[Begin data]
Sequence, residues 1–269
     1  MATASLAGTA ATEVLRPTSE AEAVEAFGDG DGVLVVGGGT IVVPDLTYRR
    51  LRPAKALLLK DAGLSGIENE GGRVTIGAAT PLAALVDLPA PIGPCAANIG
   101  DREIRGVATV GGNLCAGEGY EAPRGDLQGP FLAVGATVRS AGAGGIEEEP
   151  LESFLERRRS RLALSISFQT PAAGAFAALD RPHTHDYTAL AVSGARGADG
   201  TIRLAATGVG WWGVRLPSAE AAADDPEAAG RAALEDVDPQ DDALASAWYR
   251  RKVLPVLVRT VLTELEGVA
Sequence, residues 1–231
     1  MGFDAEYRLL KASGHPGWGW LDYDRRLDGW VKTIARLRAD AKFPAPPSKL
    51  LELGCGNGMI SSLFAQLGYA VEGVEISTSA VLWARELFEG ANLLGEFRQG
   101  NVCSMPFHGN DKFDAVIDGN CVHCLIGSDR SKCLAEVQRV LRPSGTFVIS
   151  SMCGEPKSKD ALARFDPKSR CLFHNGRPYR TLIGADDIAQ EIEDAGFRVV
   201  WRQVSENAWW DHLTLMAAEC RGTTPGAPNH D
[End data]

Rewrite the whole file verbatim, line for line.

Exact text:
Sequence, residues 1–269
     1  MATASLAGTA ATEVLRPTSE AEAVEAFGDG DGVLVVGGGT IVVPDLTYRR
    51  LRPAKALLLK DAGLSGIENE GGRVTIGAAT PLAALVDLPA PIGPCAANIG
   101  DREIRGVATV GGNLCAGEGY EAPRGDLQGP FLAVGATVRS AGAGGIEEEP
   151  LESFLERRRS RLALSISFQT PAAGAFAALD RPHTHDYTAL AVSGARGADG
   201  TIRLAATGVG WWGVRLPSAE AAADDPEAAG RAALEDVDPQ DDALASAWYR
   251  RKVLPVLVRT VLTELEGVA
Sequence, residues 1–231
     1  MGFDAEYRLL KASGHPGWGW LDYDRRLDGW VKTIARLRAD AKFPAPPSKL
    51  LELGCGNGMI SSLFAQLGYA VEGVEISTSA VLWARELFEG ANLLGEFRQG
   101  NVCSMPFHGN DKFDAVIDGN CVHCLIGSDR SKCLAEVQRV LRPSGTFVIS
   151  SMCGEPKSKD ALARFDPKSR CLFHNGRPYR TLIGADDIAQ EIEDAGFRVV
   201  WRQVSENAWW DHLTLMAAEC RGTTPGAPNH D